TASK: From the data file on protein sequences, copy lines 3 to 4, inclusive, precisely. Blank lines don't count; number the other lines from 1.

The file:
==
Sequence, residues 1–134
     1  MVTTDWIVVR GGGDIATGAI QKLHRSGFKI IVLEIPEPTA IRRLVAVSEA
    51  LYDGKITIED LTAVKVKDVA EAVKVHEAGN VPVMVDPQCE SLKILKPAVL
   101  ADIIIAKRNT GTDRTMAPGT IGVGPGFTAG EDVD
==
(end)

    51  LYDGKITIED LTAVKVKDVA EAVKVHEAGN VPVMVDPQCE SLKILKPAVL
   101  ADIIIAKRNT GTDRTMAPGT IGVGPGFTAG EDVD